DJ Jo Whiley has said her sister Frances "would like to say a huge thank you" to everybody who has helped her after she contracted coronavirus.
The BBC Radio 2 presenter's sister, who has a learning disability and diabetes, was taken to hospital after an outbreak at her Northamptonshire care home.
Whiley said her family had gone from discussing palliative care last week to "drinking cups of tea" with her sister.
"It doesn't end here though," the broadcaster posted on Twitter.
She added: "Covid has brought with it further complications.
"We're now dealing with worrying diabetes and high blood pressure issues, and my parents are exhausted beyond belief.
"It's so hard observing from behind a visor and mask, helpless doesn't cover it."
Whiley also posted a video of Frances, 53, giving a thumbs-up and a round of applause.
She said her sister "would like to say a huge thank you to everybody who has helped her, especially the amazing doctors and nurses of the NHS, and her many MANY well-wishers."
The DJ said it was "hard to believe" that they had been discussing palliative care on Friday night but were now able to sit on her sister's "favourite bench drinking cups of tea".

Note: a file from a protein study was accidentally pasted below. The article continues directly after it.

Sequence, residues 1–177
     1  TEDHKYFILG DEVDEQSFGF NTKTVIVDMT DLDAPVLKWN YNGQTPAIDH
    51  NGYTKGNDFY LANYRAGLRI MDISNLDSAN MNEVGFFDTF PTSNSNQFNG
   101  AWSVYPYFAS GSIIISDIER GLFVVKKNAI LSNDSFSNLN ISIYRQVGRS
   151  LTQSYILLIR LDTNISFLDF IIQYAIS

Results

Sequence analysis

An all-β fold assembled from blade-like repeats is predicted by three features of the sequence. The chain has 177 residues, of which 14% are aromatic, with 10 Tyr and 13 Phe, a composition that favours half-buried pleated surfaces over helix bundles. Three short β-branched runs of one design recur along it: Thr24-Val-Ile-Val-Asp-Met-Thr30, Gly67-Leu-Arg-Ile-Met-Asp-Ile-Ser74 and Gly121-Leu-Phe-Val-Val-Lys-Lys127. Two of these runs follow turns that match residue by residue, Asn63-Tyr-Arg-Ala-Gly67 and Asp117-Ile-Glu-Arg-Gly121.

Update on Frances: a thread.— Jo Whiley (@jowhiley) February 23, 2021
First of all, Frances would like to say a huge thank you to everybody who has helped her, especially the amazing doctors and nurses of the NHS, and her many MANY well-wishers. ❤️ pic.twitter.com/Te8jD9LtvZ
She renewed her call for people with learning disabilities to be prioritised in the vaccine rollout.
"Not everyone has been as lucky as us," she said.
"So many have died or are suffering from long Covid because simply they were not protected.
"We need to show them that they are not forgotten, and we care."
Whiley previously questioned why she was offered the vaccine before her sister, who has the rare genetic syndrome Cri du Chat.
People with diabetes and those with a "severe or profound" learning disability are in priority group six for the coronavirus vaccine, along with unpaid carers for those with disabilities and the elderly.
The Department of Health previously said the NHS was "working hard to vaccinate those most at risk, as quickly as possible".